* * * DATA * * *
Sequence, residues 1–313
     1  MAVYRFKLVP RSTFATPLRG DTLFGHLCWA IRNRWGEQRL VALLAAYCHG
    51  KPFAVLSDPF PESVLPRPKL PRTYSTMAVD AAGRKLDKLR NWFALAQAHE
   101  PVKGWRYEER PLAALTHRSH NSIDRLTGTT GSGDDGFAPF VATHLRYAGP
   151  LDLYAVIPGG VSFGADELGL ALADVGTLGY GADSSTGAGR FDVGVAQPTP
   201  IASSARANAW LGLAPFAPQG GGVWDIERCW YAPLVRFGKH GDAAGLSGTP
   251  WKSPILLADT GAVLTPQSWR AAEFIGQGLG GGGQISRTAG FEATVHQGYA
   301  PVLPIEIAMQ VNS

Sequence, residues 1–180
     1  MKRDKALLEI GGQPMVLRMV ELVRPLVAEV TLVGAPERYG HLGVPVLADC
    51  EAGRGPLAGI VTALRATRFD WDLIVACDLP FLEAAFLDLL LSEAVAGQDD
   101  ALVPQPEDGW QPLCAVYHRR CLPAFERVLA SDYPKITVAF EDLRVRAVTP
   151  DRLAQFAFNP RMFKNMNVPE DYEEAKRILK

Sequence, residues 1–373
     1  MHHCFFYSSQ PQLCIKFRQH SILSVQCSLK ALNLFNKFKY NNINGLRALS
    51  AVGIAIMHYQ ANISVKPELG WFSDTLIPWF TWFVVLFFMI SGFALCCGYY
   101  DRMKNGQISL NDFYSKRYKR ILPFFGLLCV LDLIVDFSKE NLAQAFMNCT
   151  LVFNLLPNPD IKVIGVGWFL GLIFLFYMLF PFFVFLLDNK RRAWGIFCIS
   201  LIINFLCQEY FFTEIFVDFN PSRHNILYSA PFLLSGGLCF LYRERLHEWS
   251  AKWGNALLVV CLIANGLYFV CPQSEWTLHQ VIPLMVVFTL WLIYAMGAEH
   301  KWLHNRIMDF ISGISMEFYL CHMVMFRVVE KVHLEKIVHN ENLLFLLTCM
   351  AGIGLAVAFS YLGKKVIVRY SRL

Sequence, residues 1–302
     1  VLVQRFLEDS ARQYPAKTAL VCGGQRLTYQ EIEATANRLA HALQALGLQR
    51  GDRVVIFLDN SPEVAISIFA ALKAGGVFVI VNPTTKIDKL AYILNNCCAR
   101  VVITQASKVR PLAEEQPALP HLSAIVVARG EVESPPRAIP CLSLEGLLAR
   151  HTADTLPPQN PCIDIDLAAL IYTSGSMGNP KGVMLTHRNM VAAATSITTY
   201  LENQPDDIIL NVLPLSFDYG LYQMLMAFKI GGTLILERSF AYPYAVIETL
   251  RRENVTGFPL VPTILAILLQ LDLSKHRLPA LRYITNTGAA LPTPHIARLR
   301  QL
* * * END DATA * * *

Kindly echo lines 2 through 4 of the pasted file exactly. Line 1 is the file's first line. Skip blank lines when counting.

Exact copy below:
     1  MAVYRFKLVP RSTFATPLRG DTLFGHLCWA IRNRWGEQRL VALLAAYCHG
    51  KPFAVLSDPF PESVLPRPKL PRTYSTMAVD AAGRKLDKLR NWFALAQAHE
   101  PVKGWRYEER PLAALTHRSH NSIDRLTGTT GSGDDGFAPF VATHLRYAGP